The Popular Vote vs. The Electoral College

A Trump-Clinton-Election Epitaph Many ask, “Which is better, election by popular vote or Electoral College?”  That is The Question that many debate, in the wake of the Trump-Clinton election of 2016.  Although I once received the highest grade in a class of 300 in Constitutional Law, it was eons ago, and I claim no special expertise on the subject, but my memory of history and logic leave me with the following humble thoughts. The core question is, “Is the popular vote more or less important than the vote as cast by the delegates to the Electoral College, as the latter is mandated in the U.S. Constitution? Why the Electoral College?  The point of the Electoral College System is to avoid a handful of high density areas from controlling all elections.  The United States is a FEDERATION of SOVEREIGN States.  The Federal Government was much feared by America’s Founding Fathers.  The Fed’s powers were intentionally limited, and all powers not given to it were left to the INDIVIDUAL States. If there were no Electoral College system, presidential campaigns would be waged almost exclusively in NY and California.  The Urban Will would be jammed down the throats of the Sub-Urban and Rural.  Mass secessions might result.   Why? In early empires (Roman, Greek, Egyptian), all important decisions were made by those in the Capital Cities of each empire.  This is PRECISELY what the framers of the U.S. Constitution sought to avoid.  They even went so far as to make D.C. a very tiny geographic area and to deny it even one Congressman or Senator, although, via the 23rd Amendment, it was given 3 electoral votes. If it weren’t for the Electoral College system, many States would likely never have chosen to join “The Union” of Federal (SOVERIGN) States, as they would have lost effectively all of their sovereignty.   It can be no surprise that the EU is breaking apart before our eyes, as its members are increasingly chafing at the decisions being made by bureaucrats in Brussels, a ceding of sovereignty to those who do not understand the problems of each jurisdiction over which they exercise vast power.  History repeats itself endlessly, albeit not in precisely the same way. To remove the Electoral College system would require a Constitutional Amendment that was ratified by 75% of the U.S. States.  Such overt relinquishment of sovereignty, logic suggests, will not likely ever happen, thank heavens. As Lord Acton said, “Power corrupts, and absolute power corrupts absolutely.”  History demonstrates irrefutably that, the more power that is concentrated in the fewest hands (or population clusters), the sooner tyranny erupts over those devoid, de facto, of a vote that matters.  So proves 4,000 years of recorded history.  In the eyes of our Founders and to a plurality of the States, ceding control to a few urban areas (and the demagogues that control them) would be the beginning of the end. To the sagacity of our Founding Fathers, the undersigned respectfully genuflects and says, “Thank you.” After two centuries of U.S. elections, only five losing candidates won the popular vote. As to the current election, a brief recap is worth noting.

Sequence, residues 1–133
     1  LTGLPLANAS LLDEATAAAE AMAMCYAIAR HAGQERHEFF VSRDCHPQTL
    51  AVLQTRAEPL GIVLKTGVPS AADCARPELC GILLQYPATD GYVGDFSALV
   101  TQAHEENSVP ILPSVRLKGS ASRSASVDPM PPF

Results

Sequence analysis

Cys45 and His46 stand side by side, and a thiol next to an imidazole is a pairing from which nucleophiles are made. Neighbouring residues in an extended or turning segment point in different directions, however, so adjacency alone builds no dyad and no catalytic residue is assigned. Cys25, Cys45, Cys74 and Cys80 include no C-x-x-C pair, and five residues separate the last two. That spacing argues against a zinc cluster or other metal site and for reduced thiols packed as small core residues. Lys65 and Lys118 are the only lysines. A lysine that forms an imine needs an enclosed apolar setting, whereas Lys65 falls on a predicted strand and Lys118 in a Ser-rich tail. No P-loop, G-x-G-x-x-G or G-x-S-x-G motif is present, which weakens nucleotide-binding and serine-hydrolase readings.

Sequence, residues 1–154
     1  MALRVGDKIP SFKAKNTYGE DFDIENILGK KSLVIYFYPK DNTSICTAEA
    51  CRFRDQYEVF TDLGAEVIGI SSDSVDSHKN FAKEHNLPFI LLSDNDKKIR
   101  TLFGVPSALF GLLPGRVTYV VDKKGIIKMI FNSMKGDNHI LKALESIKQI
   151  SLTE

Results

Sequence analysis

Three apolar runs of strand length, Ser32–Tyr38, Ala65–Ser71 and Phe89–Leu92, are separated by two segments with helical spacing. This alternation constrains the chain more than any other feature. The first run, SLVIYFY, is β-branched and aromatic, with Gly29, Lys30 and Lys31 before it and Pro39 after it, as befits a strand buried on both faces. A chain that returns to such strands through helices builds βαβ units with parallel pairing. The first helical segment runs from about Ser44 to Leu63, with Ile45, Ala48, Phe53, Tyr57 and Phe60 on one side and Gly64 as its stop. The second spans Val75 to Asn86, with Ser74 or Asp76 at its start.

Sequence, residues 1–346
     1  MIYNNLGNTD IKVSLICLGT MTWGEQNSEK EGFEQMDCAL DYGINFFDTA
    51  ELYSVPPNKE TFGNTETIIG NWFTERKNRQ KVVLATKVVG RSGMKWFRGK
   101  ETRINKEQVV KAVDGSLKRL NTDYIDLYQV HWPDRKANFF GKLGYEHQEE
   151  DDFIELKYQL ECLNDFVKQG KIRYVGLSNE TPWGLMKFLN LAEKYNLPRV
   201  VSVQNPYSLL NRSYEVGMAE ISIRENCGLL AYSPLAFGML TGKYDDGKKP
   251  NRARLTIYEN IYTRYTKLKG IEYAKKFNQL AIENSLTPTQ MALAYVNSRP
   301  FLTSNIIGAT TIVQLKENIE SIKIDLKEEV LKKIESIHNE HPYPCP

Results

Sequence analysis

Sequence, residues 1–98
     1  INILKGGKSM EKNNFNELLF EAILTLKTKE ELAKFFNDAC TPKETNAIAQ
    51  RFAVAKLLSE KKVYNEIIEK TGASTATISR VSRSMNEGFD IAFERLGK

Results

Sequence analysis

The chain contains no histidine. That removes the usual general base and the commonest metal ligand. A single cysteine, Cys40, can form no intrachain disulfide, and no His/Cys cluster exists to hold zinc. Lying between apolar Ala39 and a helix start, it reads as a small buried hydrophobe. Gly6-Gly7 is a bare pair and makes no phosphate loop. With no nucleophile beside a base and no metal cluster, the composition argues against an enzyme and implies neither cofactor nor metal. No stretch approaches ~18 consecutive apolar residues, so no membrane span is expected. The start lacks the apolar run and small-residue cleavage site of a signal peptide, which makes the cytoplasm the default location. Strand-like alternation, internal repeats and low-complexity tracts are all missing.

• Popular Votes: 137 million votes cast; Clinton won by 2.5 million, a 1.8% margin.
  • Electoral Votes: 322 to 232 electoral votes, a landslide 58% to 42% margin.
  • Counties: Of 3,184 Counties in the U.S; Trump won 3,084, a 98% to 2% margin.
  • Land Areas: Trump’s Counties comprise over 3 million square miles to Clinton’s 400, a devasting 99.99% plurality.
So what?  The people living in 99.99% of the county want their voices to be heard. If Trump had campaigned just a few days in California, he might well have picked up 1.25M more votes from California’s 40 million population and won the popular vote as well, BUT he knew that he couldn’t win a majority there; so, he ignored it totally.  The results prove the sagacity of this political neophyte. For those interested in the legalities: The Mechanics of the Electoral College:  The Constitution, Article I and the 12th Amendment, provide for the Electoral College, which consists of 538 electors, of which 270 are required to elect the President; if no candidate receives that many, the election is decided by the House of Representatives.  The Electoral College is comprised of reps from each State, which is given 2 votes for its 2 Senators and 1 vote for each of its Congressmen.  (Under the 23rd Amendment, the District of Columbia was accorded 3 electoral votes (as if it had 2 Senators and 1 Congressman), and is treated as “a State”.)  The number of electoral votes for each State can vary, based upon population changes.  How each Delegate to the Electoral College votes is left to the rules set by each State.  Some States rules on point are less clear than others, but, historically, 99.99% of Delegates to the EC cast their vote for the candidate chosen by the popular vote in their State. The votes of the EC are then sent to Congress, where both Houses confirm the votes and announce the winner.  From 1976 to date, while a few rogue Delegates have violated these historical patterns, the Electoral College has never failed to elect the candidate with the required electoral votes. That is, very few Delegates go against the popular vote in their State. The Electoral College votes roughly six weeks after the election, and the President-Elect is sworn in as President on January 20th, following the November election.